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DRPS : Course Catalogue : School of Literatures, Languages and Cultures : Asian Studies

Undergraduate Course: Politics and Policy in Contemporary China (ASST10126)

Course Outline
SchoolSchool of Literatures, Languages and Cultures CollegeCollege of Arts, Humanities and Social Sciences
Credit level (Normal year taken)SCQF Level 10 (Year 4 Undergraduate) AvailabilityNot available to visiting students
SCQF Credits20 ECTS Credits10
SummaryThis course aims to introduce students to various aspects of contemporary Chinese politics and policy. Students will study the different aspects of the Chinese state building an understanding, for example, of the key institutions, the policy making process and the importance of ideology in the running of what is an increasingly dynamic political, social and economic entity. Topics discussed will include Mao's legacy, the Chinese Communist Party, regional relations, and understanding the policy process. The course will complement existing courses offered through Asian Studies by developing students' understanding of the functional elements of the Chinese state and contemporary issues in Chinese politics and policy.

Please note that places on this course are strictly limited and that priority will be given to students taking Chinese honours.
Course description Politics and Policy in Contemporary China will introduce students to the political system and policy processes of the contemporary People's Republic of China. Weekly lectures will introduce students to the core structures and functions of the state and Chinese Communist Party, and key elements in understanding the politics and policy process of China. This will address, for example, the rote of the executive and legislative branches of government, local government accountability, the rule and function of law, and theories of policy making in China.

Weekly seminars will address specific policy areas which will change over time to reflect developments in contemporary China. The students will use Chinese language documents including laws, regulations, and speeches alongside academic research to develop an understanding of both the policy developments and the academic debates relating to them.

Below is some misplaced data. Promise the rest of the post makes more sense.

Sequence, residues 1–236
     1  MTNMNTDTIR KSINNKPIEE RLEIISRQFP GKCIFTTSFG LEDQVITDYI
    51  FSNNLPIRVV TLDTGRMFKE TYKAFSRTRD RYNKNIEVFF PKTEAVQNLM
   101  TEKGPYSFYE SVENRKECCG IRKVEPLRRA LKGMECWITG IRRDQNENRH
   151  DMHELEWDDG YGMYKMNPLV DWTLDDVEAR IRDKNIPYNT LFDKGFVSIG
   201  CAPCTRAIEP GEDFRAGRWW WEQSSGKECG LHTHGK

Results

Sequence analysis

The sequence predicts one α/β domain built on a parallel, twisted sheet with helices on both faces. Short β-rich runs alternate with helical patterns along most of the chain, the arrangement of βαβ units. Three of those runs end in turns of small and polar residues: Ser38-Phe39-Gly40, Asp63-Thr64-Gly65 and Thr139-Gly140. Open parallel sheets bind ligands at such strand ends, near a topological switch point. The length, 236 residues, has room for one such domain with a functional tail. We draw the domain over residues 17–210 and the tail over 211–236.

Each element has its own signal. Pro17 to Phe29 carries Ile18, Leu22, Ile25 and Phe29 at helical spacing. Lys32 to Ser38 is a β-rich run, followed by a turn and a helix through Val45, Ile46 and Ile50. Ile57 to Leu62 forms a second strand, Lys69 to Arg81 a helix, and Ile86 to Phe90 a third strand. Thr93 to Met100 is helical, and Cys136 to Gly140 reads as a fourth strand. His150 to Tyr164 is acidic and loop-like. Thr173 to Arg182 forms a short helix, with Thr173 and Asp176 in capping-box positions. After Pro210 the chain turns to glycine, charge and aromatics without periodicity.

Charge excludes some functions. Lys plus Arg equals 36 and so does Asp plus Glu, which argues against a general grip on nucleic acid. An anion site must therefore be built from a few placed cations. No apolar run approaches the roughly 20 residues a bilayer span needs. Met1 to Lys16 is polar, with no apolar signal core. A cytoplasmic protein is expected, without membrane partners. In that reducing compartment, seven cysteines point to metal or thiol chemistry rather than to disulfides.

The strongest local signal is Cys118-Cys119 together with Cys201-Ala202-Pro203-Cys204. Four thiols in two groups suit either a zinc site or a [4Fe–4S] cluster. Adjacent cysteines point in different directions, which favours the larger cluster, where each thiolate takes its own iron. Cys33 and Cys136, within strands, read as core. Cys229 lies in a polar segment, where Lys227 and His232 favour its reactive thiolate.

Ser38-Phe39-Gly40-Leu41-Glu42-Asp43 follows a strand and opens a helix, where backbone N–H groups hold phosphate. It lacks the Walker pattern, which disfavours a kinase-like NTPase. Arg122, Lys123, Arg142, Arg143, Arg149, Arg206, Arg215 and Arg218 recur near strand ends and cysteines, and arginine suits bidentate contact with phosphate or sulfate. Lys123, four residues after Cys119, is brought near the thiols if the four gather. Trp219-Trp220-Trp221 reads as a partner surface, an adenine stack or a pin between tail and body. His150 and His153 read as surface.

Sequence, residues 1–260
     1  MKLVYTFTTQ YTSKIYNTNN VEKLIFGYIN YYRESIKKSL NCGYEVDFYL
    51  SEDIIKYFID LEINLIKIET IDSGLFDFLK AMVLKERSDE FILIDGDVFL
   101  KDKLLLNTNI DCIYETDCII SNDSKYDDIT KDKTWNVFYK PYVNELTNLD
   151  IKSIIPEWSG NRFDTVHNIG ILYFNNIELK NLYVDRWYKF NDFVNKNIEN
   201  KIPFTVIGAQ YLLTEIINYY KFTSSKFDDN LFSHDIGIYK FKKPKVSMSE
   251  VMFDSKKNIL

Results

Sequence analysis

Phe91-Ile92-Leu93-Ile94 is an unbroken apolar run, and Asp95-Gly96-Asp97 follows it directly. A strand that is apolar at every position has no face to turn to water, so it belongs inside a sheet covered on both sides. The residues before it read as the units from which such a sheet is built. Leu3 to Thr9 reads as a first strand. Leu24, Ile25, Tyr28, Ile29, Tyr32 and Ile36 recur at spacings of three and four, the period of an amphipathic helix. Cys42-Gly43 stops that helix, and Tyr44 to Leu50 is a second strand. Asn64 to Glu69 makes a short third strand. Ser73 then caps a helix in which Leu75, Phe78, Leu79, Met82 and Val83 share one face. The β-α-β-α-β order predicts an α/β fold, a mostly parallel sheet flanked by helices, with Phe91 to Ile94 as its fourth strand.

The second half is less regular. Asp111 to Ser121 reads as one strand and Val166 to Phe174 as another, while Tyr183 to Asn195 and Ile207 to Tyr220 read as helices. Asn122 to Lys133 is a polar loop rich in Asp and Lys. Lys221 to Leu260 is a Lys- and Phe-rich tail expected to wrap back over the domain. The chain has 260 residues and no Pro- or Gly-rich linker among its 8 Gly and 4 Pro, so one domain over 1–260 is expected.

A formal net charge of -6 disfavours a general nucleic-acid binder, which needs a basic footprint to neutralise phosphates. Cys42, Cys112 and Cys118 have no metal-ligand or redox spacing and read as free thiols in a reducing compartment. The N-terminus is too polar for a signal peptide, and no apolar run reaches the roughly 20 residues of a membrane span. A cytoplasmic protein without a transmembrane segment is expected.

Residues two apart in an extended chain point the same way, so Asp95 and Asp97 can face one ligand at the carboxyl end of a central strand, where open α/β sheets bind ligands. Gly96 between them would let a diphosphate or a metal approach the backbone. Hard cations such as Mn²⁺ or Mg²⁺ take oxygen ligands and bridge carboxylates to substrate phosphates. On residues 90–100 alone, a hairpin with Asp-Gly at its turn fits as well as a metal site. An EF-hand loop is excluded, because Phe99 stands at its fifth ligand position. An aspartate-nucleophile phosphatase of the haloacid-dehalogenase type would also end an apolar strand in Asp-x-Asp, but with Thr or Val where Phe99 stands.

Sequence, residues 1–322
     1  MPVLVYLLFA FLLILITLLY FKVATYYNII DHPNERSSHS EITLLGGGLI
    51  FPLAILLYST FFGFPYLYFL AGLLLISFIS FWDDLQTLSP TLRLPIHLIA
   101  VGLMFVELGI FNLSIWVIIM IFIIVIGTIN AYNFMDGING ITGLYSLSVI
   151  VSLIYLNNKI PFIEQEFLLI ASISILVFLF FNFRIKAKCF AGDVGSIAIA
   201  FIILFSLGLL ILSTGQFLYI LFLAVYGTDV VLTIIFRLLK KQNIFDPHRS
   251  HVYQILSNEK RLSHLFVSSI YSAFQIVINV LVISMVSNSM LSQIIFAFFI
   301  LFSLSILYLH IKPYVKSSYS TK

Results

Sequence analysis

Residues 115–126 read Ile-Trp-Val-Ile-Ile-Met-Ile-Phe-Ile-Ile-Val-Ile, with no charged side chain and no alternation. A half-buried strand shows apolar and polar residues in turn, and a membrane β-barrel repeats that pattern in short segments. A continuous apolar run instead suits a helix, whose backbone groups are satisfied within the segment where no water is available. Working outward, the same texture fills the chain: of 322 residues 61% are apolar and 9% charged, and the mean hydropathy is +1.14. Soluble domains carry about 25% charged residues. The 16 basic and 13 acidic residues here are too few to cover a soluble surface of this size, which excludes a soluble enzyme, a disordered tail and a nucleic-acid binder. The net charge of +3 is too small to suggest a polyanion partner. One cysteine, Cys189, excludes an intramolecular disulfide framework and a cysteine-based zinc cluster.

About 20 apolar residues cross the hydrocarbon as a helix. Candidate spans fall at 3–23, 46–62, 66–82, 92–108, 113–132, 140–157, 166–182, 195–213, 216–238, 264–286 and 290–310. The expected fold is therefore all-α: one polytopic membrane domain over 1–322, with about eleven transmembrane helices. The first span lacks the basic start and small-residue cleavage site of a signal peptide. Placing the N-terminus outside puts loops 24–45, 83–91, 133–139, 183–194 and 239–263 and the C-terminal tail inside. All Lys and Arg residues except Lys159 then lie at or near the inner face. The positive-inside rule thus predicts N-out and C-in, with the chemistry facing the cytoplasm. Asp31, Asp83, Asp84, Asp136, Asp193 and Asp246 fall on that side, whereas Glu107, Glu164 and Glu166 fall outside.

Through this combination of lectures and seminars students will be introduced to the foundational elements required to understand and independently analyse politics and policy in contemporary China; they will be provided with the opportunity and means to engage with and analyse both primary and secondary materials; and they will be able to take this understanding and apply it to other political and policy areas that they are interested in. Seminars will follow a mixed format.
Entry Requirements (not applicable to Visiting Students)
Pre-requisites Co-requisites
Prohibited Combinations Other requirements Places on this course are strictly limited and priority will be given to students taking Chinese honours.
Additional Costs Essential core texts
Course Delivery Information
Academic year 2023/24, Not available to visiting students (SS1) Quota:  None
Course Start Semester 1
Timetable Timetable
Learning and Teaching activities (Further Info) Total Hours: 200 ( Seminar/Tutorial Hours 22, Programme Level Learning and Teaching Hours 4, Directed Learning and Independent Learning Hours 174 )
Assessment (Further Info) Written Exam 0 %, Coursework 100 %, Practical Exam 0 %
Additional Information (Assessment) Policy Analysis (3,500 - 4,000 words) - 100%
Feedback All students will be given a formative feedback exercise that will be helpful for the assessment for this course and students' general ongoing academic development.
No Exam Information
Learning Outcomes
On completion of this course, the student will be able to:
  1. Recall and summarise key institutions and themes related to contemporary Chinese politics. Explain the functions of core parts of the Chinese state.
  2. Summarise and evaluate selected academic debates related to Chinese politics and policy.
  3. Find, compare and criticise sources related to Chinese politics.
  4. Formulate arguments based on academic literature and source material.
  5. Tailor their arguments and findings for particular audiences through their writing.
Reading List
Core texts which students will be expected to use often:
Dreyer, June Teufel, China┬┐s Political System: Modernization and Tradition (Longman, 2010)
Lieberthal, K, Governing China: From Revolution through Reform, (Norton, 1995)
Saich, Tony, Governance and Politics of China, 3rd Edition (Palgrave, 2010)
Additional Information
Graduate Attributes and Skills Not entered
KeywordsAS Pol Cont Chi
Course organiserDr Daniel Hammond
Course secretaryMiss Kara McCormack
Tel: (0131 6)50 3030
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